India Nears Potash Supply Deal as Belarus Speaks of AllianceBy , , and
Belarusian Potash cites ‘significant progress’ in negotiations
Share prices jump as President Lukashenko comments on Uralkali
Shares of potash producers rose on speculation that the price of the fertilizer will be supported by a new Indian supply accord, and the possibility that producers in Belarus and Russia will resurrect their export partnership.
India agreed to buy 700,000 metric tons from Belarus and price negotiations are expected next week, a person familiar with the situation said, declining to be identified before an accord is signed.
“There is significant progress in talks with India, and we expect that the contract may be signed in June," state-run exporter Belarusian Potash Co. said by e-mail Thursday.
Belarus President Alexander Lukashenko said Thursday his country, one of the world’s biggest producers, isn’t against reviving a trading joint venture with Russia’s Uralkali PJSC that, until 2013, had helped control supplies and buoy prices, although analysts cast doubt on the prospect.
Top buyers India and China, which usually reach agreements to purchase potash at the start of the year, have delayed deals in 2016 because of high stockpiles. That’s a reflection of a potash market that’s been stagnant since the collapse of the Belarus-Uralkali supply venture that controlled about 40 percent of world exports, according to VTB Capital.
India is likely to sign the deal at close to the current Asian spot price of $220 to $230 a ton, down from $332 in 2015, according to Konstantin Yuminov, an analyst at Raiffeisenbank in Moscow. That also implies a Chinese supply contract would be higher than $200 per ton, despite recent speculation to the contrary, Yuminov said by phone.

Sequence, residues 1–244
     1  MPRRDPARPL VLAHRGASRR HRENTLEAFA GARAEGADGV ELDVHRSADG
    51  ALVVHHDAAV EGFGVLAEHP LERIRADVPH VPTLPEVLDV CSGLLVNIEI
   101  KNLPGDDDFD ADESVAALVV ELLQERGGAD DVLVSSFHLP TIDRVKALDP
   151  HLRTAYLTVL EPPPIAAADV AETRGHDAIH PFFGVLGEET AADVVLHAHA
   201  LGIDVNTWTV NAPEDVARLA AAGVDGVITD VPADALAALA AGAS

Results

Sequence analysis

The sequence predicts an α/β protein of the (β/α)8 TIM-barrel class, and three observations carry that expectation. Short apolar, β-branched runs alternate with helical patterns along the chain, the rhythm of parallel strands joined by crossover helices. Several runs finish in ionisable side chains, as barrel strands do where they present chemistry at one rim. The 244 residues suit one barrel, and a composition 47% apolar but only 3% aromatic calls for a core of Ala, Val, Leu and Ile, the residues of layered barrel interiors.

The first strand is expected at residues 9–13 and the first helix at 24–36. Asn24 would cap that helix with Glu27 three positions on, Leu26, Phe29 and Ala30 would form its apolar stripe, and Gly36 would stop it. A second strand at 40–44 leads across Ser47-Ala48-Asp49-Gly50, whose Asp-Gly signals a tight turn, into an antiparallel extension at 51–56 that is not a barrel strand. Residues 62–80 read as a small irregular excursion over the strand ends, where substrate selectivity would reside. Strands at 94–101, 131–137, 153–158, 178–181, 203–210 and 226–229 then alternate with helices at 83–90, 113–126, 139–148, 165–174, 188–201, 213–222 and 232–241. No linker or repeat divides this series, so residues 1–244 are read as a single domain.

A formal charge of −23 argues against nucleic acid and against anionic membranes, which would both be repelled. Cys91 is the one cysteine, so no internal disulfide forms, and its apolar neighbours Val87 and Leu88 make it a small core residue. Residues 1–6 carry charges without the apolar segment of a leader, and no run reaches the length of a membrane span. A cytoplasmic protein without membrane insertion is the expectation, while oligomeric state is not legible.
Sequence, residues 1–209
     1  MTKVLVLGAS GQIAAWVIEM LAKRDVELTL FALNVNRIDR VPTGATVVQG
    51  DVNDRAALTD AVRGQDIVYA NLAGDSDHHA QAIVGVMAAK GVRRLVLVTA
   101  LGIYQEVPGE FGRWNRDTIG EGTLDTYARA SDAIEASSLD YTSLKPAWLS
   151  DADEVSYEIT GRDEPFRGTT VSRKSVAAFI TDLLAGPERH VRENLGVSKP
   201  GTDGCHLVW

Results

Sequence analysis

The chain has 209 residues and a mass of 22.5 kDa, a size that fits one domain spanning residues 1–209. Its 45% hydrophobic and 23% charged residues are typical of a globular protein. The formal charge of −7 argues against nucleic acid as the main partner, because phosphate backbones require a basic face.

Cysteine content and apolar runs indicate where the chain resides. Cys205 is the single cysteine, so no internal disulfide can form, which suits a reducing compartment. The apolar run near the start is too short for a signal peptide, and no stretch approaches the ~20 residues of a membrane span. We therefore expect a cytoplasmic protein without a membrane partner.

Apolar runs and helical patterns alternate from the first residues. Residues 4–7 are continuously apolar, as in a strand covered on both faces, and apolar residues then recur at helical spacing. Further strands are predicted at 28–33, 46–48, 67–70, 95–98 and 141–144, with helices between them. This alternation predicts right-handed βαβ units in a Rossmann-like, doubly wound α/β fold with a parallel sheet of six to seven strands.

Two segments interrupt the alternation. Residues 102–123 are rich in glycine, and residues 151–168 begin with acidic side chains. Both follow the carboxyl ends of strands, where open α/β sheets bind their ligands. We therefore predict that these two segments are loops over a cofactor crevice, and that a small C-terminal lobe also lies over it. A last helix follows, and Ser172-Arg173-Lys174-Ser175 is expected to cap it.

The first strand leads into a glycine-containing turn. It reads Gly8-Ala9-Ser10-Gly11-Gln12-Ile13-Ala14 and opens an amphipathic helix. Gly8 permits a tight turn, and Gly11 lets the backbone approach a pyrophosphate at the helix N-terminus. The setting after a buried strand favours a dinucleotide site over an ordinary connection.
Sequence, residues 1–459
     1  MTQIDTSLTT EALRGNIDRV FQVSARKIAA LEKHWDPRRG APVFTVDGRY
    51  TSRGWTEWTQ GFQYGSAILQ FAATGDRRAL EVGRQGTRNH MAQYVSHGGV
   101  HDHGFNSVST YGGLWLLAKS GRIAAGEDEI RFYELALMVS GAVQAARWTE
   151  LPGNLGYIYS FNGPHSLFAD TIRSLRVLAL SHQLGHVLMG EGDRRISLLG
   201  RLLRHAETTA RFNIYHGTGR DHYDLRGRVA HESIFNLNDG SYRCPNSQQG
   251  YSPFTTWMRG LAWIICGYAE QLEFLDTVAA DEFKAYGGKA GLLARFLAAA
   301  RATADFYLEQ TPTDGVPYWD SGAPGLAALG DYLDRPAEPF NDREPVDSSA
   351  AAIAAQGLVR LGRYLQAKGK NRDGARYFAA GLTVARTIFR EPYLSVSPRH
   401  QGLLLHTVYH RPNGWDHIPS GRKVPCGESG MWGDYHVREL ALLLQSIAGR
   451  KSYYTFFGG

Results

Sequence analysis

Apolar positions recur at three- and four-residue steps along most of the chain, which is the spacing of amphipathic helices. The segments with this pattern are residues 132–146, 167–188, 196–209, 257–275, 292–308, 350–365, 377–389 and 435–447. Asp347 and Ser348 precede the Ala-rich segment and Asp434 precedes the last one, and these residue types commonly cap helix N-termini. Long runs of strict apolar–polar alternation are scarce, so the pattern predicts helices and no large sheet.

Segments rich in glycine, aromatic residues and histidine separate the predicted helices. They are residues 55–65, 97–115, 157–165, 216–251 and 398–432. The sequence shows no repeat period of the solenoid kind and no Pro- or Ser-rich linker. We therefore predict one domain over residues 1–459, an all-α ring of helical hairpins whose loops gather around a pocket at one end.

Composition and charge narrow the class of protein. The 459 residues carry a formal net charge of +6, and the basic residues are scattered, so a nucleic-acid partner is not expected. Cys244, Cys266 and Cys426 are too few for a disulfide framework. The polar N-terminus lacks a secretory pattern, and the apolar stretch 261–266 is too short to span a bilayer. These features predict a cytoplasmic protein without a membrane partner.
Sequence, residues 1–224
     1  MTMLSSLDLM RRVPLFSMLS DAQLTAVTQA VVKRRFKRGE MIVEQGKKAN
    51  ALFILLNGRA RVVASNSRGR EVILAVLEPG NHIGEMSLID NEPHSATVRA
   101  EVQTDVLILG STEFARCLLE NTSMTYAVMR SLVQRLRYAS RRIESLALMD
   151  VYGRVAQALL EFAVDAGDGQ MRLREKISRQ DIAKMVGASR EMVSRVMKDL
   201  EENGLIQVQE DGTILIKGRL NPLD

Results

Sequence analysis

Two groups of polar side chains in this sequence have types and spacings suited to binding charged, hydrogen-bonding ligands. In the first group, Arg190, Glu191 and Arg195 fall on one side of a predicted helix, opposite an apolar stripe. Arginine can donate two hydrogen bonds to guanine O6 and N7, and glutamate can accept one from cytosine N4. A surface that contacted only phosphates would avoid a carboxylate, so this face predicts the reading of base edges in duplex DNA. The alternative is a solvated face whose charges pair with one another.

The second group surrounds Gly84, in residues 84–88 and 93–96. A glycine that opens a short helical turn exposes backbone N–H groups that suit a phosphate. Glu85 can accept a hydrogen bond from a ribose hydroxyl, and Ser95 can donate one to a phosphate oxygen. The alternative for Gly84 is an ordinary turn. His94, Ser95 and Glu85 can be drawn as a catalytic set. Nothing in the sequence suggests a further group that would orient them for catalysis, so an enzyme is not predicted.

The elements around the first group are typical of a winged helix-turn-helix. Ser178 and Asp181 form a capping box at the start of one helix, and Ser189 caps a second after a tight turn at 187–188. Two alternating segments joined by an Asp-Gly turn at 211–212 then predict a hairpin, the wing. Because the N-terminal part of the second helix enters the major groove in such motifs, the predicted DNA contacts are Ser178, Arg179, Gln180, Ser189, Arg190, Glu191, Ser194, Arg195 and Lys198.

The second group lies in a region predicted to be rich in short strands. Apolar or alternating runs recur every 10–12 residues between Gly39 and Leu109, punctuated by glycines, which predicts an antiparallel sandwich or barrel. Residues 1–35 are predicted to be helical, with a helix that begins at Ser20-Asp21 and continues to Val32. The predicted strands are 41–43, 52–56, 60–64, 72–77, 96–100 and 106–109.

Lukashenko, speaking at the All-Belarusian People’s Congress in Minsk, said his country is only ready to take part in a new venture with Uralkali on its own terms. Uralkali’s press service and a spokesman for Uralchem, one of the two main shareholders in Uralkali, declined to comment on Belarus.
Renewing the tie-up is unlikely, Elena Sakhnova, a VTB Capital analyst, said in Moscow, noting that Lukashenko has made similar comments since 2013.
“Finding common terms with Uralkali would prove too hard in the medium term; also Belarus doesn’t really need this venture anymore,” she said. “In any case, an accord with India will be very good for the market. If an agreement is signed, some market recovery will be possible.”
Restoring a venture with Belarus would be negative for Uralkali, forcing it to cut output, Oleg Petropavlovskiy, a BCS Global Markets analyst, said in a note.
Mosaic Co., the largest U.S. potash producer, rose 4.7 percent to $28 in New York Thursday. Potash Corp. of Saskatchewan Inc. gained 5.8 percent, Intrepid Potash Inc. 22 percent and Agrium Inc. 2.2 percent.
A deal with China may be signed at the end of the summer or start of autumn, Uralkali management said on Wednesday. China is likely bidding for potash below $200 a ton, RBC Capital Markets analyst Andrew Wong said June 3. In 2015, it agreed at $315 a ton. A Chinese pact is likely to be delayed to the end of the year at the earliest, Sakhnova said.
— With assistance by Megan Durisin
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